Q: During the last two years I read a number of your articles explaining how automation could have prevented the BP oil spill in the Mexican Gulf, but I never fully understood the sealing process they were trying to use in order to temporarily seal the completed oil well when the accident occurred? Can you explain that?
A: The sealing process itself is pretty simple. Its goal is to cement (seal) the walls of the hole (the oil well) that was drilled. In order to do this cementing properly, the inside of the well has to remain pressurized to prevent infiltration while the walls are being cemented. The cementing is done by inserting a pipe in the center of the well and pumping cement slurry down through it, so that the slurry then rises back up on the outside of the pipe and fills the space between the pipe and the walls of the well. Not much to it, right?
Read Also: Controls for Drilling Oil and Gas Wells
What makes the control of this process more challenging is that the pipe is 3.5 miles long, and it goes down a well that was drilled into the rock on the bottom of a mile-deep ocean.
In order to make the operation safe, engineers need to do only three things:
- Keep the pressure inside the hole higher than outside it, a situation that required automatic pressure difference (ΔP) control, which BP did not have;
- Make sure that the shut-off valve on the bottom of the ocean, called the blowout preventer (BOP), works. One reason why it might not work can be if it were bent because the 3.5-mile long pipe is not straight (BP should have had a backup BOP, but did not);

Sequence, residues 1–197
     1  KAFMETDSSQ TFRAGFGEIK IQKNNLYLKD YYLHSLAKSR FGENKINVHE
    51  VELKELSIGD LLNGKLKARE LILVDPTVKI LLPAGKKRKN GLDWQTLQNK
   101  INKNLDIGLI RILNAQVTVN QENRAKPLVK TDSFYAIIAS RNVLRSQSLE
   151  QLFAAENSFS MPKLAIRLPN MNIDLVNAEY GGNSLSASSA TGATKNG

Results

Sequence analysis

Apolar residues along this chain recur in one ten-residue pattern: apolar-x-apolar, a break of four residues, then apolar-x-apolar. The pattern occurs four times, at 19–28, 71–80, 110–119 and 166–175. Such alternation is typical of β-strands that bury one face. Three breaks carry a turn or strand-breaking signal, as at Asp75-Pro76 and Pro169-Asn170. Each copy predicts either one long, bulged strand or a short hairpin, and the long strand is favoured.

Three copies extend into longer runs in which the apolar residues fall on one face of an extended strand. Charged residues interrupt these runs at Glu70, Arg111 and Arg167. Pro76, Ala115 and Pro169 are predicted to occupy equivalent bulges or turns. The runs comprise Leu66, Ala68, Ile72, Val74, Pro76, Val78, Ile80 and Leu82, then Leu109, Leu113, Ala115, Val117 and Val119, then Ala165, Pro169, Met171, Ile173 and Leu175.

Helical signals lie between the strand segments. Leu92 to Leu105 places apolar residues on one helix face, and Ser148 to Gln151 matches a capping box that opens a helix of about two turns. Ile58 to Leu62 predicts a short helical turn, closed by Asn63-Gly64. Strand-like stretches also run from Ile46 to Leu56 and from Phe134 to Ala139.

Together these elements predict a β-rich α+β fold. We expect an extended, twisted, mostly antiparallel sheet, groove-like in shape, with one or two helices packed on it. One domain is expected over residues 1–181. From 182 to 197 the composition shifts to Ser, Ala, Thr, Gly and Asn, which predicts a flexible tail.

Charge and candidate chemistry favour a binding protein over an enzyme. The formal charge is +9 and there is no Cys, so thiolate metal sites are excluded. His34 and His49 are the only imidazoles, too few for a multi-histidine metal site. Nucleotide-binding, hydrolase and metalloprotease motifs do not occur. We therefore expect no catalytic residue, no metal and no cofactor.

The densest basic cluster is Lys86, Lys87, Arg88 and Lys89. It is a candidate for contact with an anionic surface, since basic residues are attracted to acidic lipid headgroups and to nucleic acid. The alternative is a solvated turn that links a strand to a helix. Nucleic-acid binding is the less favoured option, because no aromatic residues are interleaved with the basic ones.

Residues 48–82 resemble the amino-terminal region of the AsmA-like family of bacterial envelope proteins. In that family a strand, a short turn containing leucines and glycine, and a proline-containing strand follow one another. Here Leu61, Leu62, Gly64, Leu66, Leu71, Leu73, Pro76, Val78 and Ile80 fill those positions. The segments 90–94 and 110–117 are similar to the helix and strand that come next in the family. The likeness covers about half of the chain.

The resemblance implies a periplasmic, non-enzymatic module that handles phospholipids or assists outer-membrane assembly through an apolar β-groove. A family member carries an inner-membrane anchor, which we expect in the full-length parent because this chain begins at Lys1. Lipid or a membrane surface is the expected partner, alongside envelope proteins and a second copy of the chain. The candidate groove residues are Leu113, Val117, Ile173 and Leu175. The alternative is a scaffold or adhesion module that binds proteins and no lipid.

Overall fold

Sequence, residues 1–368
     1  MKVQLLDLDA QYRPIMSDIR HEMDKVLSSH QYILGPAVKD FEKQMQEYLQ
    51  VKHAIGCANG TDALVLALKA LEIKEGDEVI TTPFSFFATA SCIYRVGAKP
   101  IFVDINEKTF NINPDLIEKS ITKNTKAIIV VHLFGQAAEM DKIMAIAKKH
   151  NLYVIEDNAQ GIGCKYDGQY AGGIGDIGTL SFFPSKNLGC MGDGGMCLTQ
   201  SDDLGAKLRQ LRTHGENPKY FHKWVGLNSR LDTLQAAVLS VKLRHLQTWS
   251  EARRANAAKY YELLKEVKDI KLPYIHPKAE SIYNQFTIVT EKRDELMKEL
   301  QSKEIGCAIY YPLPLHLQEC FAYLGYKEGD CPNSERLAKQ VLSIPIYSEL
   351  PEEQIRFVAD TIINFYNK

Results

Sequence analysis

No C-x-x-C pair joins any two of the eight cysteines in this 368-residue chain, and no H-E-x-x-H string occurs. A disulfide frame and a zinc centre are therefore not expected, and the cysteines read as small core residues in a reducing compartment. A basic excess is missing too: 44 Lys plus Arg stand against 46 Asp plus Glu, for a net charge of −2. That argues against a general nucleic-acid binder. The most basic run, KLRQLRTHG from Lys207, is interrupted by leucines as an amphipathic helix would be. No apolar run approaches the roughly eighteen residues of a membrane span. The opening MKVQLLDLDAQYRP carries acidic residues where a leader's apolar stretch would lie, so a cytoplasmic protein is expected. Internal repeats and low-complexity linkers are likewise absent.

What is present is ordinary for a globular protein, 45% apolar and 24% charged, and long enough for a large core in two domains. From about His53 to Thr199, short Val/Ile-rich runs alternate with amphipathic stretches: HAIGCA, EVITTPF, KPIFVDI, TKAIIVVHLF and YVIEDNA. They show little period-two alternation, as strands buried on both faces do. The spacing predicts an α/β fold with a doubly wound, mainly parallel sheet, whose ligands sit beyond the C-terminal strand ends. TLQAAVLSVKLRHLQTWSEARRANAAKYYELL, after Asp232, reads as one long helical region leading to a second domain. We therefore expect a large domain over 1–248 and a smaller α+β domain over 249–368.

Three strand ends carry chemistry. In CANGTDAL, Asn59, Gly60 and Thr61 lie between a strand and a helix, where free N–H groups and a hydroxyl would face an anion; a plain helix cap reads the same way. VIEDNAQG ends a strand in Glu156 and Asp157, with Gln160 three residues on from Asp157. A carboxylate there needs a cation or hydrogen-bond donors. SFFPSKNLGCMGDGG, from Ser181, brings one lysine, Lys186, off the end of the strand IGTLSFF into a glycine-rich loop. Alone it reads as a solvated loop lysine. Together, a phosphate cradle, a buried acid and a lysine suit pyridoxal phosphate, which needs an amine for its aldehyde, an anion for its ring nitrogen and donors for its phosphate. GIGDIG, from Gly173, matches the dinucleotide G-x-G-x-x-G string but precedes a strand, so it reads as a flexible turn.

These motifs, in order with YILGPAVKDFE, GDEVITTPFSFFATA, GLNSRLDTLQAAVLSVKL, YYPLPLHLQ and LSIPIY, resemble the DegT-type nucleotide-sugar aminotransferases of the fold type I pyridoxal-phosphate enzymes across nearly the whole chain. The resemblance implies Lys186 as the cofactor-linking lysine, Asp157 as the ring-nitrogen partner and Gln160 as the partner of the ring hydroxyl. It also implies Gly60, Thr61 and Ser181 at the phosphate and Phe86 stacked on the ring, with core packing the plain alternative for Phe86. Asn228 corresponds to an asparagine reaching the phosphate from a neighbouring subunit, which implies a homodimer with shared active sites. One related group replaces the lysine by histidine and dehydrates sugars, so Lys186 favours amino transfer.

- Be ready to quickly move the rig away from the well if 1) and 2) do not work, and methane reaches the rig.
The figure on the right shows the main components of the well-sealing process. In the 5th edition of my handbook, I will publish the automatic controls required to make this process safe because what BP was doing is not unique at all. Just recently, Shell made the same mistake in the North Sea. When the drilling of the well is done, it is full of drilling mud, which was used to bring up rock fragments during the drilling.
Cementing starts by pumping a cement slurry (brown in Figure 1) into the well through the casing pipe. This cement is pumped down behind the "bottom plug," which has a burst diaphragm on its bottom. When the bottom plug reaches the tip of the pipe (detail at the bottom right), the pumped cement breaks the burst diaphragm (rupture disk), and the concrete flows through it, rising in the annulus and displacing the drilling mud (light gray) as it is displacing it and pushing it up and out of the annulus.
Read Also: Improving Oil and Gas Well Safety
When the space between the pipe casing and the wall of the well is filled with cement, the "top plug" is inserted into the casing pipe, and it is pushed down by a displacement fluid (green) that is pumped in behind the top plug. When the top plug reaches the bottom plug, the sealing job is done, and the check valve below the bottom plug prevents flow reversal.
It sounds simple. All that is needed is to control the pump discharge pressure automatically, so that the pressure inside the well is always higher than the pressure of the methane in the rock formation. The BP engineers should have measured the methane pressure in the formation and selected a heavy enough cement mixture to exceed it. As is so often the case, they did not measure either the methane pressure, nor the cement density, because they had instructions to move fast, since the cost of the rental of the rig was $1 million a day. So they provided no automation, no sensors, and made no calculations (automatic or manual); they just picked a quick-setting cement. They did not have automatic pressure difference control either, so the discharge pressure of the cement pump was not raised to keep the cement pressure above that of the methane.